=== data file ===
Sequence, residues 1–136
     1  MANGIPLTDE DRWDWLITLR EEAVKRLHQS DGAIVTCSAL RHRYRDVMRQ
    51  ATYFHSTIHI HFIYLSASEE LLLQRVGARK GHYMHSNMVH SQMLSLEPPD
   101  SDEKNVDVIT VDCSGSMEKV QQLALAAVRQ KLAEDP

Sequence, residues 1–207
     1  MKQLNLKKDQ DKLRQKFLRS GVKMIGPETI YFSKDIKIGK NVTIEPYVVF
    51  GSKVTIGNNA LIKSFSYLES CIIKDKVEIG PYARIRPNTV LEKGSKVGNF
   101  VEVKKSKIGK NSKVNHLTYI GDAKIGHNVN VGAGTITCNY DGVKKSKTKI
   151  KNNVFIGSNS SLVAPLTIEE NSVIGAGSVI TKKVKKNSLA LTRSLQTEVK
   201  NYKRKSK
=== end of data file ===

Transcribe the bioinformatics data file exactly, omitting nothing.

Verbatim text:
Sequence, residues 1–136
     1  MANGIPLTDE DRWDWLITLR EEAVKRLHQS DGAIVTCSAL RHRYRDVMRQ
    51  ATYFHSTIHI HFIYLSASEE LLLQRVGARK GHYMHSNMVH SQMLSLEPPD
   101  SDEKNVDVIT VDCSGSMEKV QQLALAAVRQ KLAEDP

Sequence, residues 1–207
     1  MKQLNLKKDQ DKLRQKFLRS GVKMIGPETI YFSKDIKIGK NVTIEPYVVF
    51  GSKVTIGNNA LIKSFSYLES CIIKDKVEIG PYARIRPNTV LEKGSKVGNF
   101  VEVKKSKIGK NSKVNHLTYI GDAKIGHNVN VGAGTITCNY DGVKKSKTKI
   151  KNNVFIGSNS SLVAPLTIEE NSVIGAGSVI TKKVKKNSLA LTRSLQTEVK
   201  NYKRKSK